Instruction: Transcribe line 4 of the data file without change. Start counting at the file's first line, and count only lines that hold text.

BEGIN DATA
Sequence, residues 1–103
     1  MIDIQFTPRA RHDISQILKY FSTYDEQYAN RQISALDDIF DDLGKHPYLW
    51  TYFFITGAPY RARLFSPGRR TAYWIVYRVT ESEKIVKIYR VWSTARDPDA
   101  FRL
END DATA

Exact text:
   101  FRL